The 2015-16 school year is about to begin. Even though this is my 47th new school year as a student or an employee, I still get that “new school year feeling.” A sense of renewal is evident as relationships shift, new notebooks are opened, routines commence, and we take that step over the threshold to something that is strangely both familiar yet unknown.
It is an exciting and interesting time in education. We live in a world of constant change. During their time as students from their Kindergarten year to now the graduating class of 2016 has experienced world shifts that have significantly influenced us, changed our children, and caused us to reshape learning environments and how we go about meeting the needs of this generation of learners — to whom we refer as the millennials. Political, cultural, technological and environmental shifts have occurred and have had tremendous influence on educators who are working tirelessly to adapt to meet the changing needs of students.
This group of students likely has very little sense of the world that existed prior Sept. 11, 2001 and they do not understand the impact that one event has had on the way we experience our lives. Things we expect in our daily lives were just ideas not that long ago — and things that have become the “new norm” have quietly immersed themselves in our lives.
As an example, expectations of mobile technology have infiltrated the traditional learning environment, and instant access to knowledge and other people is the norm. Facebook was started in 2004 when this class of students were in Grade 2. We are now learning that the Facebook platform on which students have since relied as a means of social engagement is slowly becoming a thing of the past and we see that our youth are now moving onto Instagram and other social networking sites.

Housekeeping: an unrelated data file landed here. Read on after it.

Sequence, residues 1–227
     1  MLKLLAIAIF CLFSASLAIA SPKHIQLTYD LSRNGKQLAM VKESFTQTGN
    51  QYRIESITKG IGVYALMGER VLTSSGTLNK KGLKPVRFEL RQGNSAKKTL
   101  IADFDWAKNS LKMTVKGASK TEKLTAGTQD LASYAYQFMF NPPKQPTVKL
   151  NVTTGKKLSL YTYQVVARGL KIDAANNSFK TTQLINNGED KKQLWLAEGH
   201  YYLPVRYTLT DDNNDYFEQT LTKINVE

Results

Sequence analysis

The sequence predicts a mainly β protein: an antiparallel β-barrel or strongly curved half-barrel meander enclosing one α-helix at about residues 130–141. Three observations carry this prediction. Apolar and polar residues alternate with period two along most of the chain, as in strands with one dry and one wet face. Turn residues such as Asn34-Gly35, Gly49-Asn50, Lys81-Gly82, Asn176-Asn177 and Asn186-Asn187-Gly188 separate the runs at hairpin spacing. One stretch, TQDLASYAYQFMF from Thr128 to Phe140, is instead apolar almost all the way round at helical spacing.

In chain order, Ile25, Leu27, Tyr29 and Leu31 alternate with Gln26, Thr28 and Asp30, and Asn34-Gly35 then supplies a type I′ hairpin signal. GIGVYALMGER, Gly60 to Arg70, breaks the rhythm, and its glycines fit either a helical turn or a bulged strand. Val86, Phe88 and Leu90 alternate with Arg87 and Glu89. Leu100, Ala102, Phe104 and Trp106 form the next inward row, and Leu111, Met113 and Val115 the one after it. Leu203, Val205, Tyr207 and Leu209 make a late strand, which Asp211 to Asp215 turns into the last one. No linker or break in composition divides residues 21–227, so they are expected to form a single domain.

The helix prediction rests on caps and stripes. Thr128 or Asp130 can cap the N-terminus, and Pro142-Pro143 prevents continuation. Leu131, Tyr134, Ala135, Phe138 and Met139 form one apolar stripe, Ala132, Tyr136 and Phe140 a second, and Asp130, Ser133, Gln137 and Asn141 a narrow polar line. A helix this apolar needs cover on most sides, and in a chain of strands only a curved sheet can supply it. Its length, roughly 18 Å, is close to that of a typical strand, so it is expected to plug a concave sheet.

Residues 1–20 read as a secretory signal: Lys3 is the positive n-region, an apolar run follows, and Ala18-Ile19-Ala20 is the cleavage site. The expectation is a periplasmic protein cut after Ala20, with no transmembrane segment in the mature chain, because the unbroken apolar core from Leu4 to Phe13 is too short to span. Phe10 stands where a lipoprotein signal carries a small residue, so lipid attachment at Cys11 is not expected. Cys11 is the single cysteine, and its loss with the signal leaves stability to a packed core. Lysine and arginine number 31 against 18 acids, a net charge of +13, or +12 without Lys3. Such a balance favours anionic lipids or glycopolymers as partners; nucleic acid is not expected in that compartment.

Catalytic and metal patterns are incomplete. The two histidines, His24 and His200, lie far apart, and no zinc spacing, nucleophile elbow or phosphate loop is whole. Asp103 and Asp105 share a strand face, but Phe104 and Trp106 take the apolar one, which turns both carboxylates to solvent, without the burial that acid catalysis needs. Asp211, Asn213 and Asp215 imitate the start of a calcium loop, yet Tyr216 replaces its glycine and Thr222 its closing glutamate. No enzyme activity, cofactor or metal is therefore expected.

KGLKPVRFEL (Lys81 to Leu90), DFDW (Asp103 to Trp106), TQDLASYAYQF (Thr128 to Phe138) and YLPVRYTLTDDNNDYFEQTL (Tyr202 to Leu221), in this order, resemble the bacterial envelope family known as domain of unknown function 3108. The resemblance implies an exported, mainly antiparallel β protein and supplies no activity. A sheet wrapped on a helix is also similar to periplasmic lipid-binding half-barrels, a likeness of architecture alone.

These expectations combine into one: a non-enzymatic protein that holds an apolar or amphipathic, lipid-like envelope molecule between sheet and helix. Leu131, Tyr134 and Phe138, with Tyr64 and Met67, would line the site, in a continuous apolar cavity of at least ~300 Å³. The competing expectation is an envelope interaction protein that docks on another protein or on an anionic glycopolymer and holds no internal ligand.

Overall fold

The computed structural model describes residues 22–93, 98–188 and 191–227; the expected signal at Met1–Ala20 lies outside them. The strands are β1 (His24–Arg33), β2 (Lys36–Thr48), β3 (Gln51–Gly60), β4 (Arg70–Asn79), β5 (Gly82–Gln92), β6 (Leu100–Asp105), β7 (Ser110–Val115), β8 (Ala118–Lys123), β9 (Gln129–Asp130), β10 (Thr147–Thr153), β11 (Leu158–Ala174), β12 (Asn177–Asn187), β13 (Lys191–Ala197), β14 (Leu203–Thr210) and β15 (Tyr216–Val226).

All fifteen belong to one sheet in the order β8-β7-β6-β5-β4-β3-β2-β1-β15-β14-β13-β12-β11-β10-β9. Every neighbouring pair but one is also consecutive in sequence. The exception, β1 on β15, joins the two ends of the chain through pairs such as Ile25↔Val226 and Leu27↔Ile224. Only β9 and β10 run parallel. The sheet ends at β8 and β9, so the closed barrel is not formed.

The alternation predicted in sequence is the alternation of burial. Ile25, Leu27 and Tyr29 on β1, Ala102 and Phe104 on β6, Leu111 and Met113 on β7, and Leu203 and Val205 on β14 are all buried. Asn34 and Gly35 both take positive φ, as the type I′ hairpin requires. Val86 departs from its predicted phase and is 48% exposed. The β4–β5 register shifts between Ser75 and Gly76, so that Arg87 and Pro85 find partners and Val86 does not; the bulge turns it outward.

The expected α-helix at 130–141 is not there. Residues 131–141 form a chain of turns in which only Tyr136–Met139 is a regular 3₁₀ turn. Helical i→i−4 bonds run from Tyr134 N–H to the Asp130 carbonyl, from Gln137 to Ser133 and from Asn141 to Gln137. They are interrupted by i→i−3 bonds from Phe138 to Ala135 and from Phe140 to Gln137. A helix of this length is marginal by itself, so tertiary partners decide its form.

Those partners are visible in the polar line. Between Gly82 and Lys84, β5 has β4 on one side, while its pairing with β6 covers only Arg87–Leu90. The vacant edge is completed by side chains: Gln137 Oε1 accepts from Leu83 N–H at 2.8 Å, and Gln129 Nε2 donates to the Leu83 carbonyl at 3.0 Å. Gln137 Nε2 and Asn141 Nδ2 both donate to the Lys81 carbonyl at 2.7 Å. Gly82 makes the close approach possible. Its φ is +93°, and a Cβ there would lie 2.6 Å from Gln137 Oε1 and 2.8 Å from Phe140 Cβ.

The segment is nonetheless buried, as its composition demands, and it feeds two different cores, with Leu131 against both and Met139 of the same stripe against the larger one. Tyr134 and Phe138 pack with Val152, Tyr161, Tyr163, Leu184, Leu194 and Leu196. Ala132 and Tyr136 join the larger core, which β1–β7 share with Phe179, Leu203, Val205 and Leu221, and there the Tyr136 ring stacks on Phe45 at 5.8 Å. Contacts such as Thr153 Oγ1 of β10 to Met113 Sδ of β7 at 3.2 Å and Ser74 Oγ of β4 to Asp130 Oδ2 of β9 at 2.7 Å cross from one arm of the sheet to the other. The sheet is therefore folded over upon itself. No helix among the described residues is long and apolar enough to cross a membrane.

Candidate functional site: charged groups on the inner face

This year we will welcome kindergarten students, who will be the graduating class of the year 2029, or thereabouts. Things that are new to us these youngsters take for granted and expect. We can’t predict how the world will reshape itself between now and when they graduate. However, one thing we do know is that our public education system will be striving to understand the changing needs of these students.
In the 2015-16 school year, teachers of students in kindergarten to Grade 9 will begin to phase in a new curriculum which will be fully implemented next year. Teachers from all over British Columbia have worked together with other leading experts to design a curriculum that embraces the best that we know about learning. Transforming curriculum will assist our educators in their continuing efforts to support each of our students.
Core competencies, essential learning, and literacy and numeracy foundations, are the features of the redesigned curriculum through which students will have the opportunity to think, learn and grow in our ever-changing world. A new curriculum for Grades 10 to 12 is presently in draft form, will be phased in commencing next year.
So, yes. I do get that “new school year feeling” every year — because every year is different. I am excited to observe passionate, committed staff members throughout our district from Yahk to Slocan City and up to Meadow Creek as they focus our collective energy on supporting each new generation of students. Our communities can be proud of the accomplishments of our outstanding children and youth. It’s a new year, and a new era in public education. As a community let’s take that step together, over the threshold to something that is strangely both familiar yet unknown.
Welcome back to those who are returning — and a special welcome to those who are joining us as new students, parents and staff. I hope the 2015-16 school year inspires you and engages you in amazing new learning.
Jeff Jones is the superintendent of School District No. 8 (Kootenay Lake).